International reggae music icon, Bob Marley, has a quote that has certainly resonated with musicians and music lovers of every genre. Marley said the following in regards to the power of music: “One good thing about music, when it hits you, you feel no pain.”
Music has been known to have a detrimental effect on the musicians playing it even though the people enjoying it may not feel any pain.
Hearing loss is a prevalent problem for musicians who are continually exposed to loud tones and don’t use hearing protection.
Musicians, in fact, are almost four times more likely to deal with noise-induced hearing loss than non-musicians based on one German study. Tinnitus, or ringing in the ears, is also 57 percent more prominent in those musicians.
For musicians who are regularly exposed to noise volumes higher than 85 decibels (dB), these findings are not surprising. One study found that volumes louder than 110dB can begin to affect nerve cells, corrupting the ability to send electrical signals to the brain from the ears. This damage is normally irreversible.
Noise-related hearing loss can affect musicians who play all styles of music, but individuals who play the loudest music usually run the greatest risk for hearing loss. And there have been lots of notable rock ‘n’ roll musicians to have their careers derailed, or at least, delayed, because of noise-induced hearing loss.
One musician who struggles with tinnitus and partial deafness is Pete Townshend of the British rock group The Who. The common belief is that Townshend’s hearing issues are the result of continuous and repetitive exposure to loud music. As his symptoms have developed over the years, Townshend has utilized several different approaches to deal with the problem.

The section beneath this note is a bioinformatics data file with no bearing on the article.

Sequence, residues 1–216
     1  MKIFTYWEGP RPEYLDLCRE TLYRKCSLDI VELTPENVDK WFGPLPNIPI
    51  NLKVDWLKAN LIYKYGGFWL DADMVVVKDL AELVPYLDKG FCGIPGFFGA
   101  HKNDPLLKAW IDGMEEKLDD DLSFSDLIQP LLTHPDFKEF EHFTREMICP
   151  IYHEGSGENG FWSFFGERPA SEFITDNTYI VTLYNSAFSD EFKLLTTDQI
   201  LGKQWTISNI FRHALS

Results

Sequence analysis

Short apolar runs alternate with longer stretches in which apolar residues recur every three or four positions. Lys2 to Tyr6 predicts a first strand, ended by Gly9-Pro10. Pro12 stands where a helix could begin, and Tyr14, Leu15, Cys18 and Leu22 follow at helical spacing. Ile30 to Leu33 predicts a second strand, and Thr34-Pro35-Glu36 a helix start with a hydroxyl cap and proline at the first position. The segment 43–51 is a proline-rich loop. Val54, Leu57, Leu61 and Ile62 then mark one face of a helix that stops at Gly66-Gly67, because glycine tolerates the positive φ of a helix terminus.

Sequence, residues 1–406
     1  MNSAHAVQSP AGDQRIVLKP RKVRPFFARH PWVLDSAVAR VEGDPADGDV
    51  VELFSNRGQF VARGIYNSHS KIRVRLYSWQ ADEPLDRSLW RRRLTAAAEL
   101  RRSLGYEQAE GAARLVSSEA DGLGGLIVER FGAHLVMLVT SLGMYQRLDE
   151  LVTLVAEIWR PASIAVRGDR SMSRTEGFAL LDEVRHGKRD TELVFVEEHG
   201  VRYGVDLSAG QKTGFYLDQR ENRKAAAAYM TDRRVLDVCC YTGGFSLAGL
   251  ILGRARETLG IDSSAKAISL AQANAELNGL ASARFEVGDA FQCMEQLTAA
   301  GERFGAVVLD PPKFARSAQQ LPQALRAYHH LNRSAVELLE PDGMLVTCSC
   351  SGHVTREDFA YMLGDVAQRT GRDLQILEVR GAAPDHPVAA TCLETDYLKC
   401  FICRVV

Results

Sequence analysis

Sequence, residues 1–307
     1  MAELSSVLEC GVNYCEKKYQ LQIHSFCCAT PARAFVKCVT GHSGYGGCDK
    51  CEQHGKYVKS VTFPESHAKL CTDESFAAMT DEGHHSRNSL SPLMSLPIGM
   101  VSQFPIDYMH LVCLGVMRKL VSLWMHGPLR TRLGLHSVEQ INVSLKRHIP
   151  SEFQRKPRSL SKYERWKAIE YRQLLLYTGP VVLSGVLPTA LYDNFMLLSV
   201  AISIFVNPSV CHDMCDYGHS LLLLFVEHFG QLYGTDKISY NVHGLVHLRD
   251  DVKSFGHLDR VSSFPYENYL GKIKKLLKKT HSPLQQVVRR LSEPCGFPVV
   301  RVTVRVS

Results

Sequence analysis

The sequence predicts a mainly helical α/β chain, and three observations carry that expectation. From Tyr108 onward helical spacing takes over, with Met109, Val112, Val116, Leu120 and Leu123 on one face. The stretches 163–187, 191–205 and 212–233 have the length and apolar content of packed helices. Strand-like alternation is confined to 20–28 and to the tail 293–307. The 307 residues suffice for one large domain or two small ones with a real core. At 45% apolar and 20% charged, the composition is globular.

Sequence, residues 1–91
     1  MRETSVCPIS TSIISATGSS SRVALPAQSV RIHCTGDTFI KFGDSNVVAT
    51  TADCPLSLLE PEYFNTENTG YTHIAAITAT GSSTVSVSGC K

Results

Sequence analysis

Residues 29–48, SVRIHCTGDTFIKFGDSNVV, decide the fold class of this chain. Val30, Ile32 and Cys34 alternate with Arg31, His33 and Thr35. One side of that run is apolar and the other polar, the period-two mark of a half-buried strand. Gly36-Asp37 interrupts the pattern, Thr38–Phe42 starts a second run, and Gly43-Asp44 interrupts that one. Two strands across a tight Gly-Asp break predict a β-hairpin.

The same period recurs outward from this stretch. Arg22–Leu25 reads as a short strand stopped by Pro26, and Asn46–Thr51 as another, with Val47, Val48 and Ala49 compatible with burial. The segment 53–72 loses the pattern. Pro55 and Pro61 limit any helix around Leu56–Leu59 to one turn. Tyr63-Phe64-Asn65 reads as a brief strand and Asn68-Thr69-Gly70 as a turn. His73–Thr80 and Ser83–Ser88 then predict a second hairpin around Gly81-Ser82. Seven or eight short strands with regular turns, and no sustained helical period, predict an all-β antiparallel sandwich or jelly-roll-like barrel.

Townshend protected himself from loud sound behind a glass partition on the band’s 1989 tour and decided to play acoustically. At a concert in 2012, the volume proved to be too loud for the guitarist, who decided to leave the stage to escape the noise.
Significant hearing loss caused by loud music exposure has also been an issue for Alex Van Halen of the rock band Van Halen. The drummer documented that he lost 30 percent of his hearing in his right ear and in his left he lost 60 percent.
Van Halen consulted with his soundman about a custom-fitted in-ear monitor as he searched for ways to manage his worsening hearing loss. This let him hear the music more clearly and at a lower volume by connecting wirelessly to the soundboard. That prototype ultimately became so successful that the band’s sound-man began producing them commercially and eventually sold that company to a major sound and video technology outfit for $34 million.
Van Halen, Townshend, along with many other musicians, including Eric Clapton and Sting, are but a few noteworthy mentions on the long list of famous musicians to suffer from noise-related hearing loss.
But there’s one singer in the United Kingdom who discovered another way to fight her own bout with hearing loss effectively. And while she may not have Clapton’s international fame or Sting’s history of record sales, she does have a set of hearing aids that have helped to revive her career.
English musical theater dynamo, Elaine Paige, has been stunning audiences for over 50 years from stages throughout London’s West End. Five decades of performing damaged Paige’s hearing to the point she experienced significant hearing loss. Paige disclosed that she has been depending on hearing aids for years.
Paige said that she uses her hearing aids daily to combat her hearing loss and asserts that her condition has no bearing on her ability to work. And that’s music to the ears of theater fans in the U.K.